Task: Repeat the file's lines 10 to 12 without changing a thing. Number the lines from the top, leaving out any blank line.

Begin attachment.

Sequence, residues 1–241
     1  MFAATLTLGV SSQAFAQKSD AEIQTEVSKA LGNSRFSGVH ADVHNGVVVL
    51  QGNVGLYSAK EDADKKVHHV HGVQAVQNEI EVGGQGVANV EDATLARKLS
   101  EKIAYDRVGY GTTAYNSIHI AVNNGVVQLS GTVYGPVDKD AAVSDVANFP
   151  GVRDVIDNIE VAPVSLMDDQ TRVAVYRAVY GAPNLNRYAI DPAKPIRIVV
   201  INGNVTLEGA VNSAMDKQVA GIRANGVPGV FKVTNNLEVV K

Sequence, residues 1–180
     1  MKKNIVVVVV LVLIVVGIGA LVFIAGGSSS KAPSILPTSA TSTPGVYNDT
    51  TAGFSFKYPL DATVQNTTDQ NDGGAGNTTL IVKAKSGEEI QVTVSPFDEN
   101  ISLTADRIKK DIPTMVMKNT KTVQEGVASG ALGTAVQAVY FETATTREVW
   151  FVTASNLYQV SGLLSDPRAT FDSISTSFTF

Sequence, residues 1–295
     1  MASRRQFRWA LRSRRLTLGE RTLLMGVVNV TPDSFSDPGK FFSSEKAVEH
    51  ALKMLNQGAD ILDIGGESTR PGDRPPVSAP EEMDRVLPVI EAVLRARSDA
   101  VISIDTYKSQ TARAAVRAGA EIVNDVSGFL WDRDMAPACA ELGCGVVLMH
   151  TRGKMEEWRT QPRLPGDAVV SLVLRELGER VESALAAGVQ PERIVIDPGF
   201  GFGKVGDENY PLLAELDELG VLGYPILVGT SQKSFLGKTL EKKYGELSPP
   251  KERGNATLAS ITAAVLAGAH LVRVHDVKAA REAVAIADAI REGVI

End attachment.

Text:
   101  ISLTADRIKK DIPTMVMKNT KTVQEGVASG ALGTAVQAVY FETATTREVW
   151  FVTASNLYQV SGLLSDPRAT FDSISTSFTF

Sequence, residues 1–295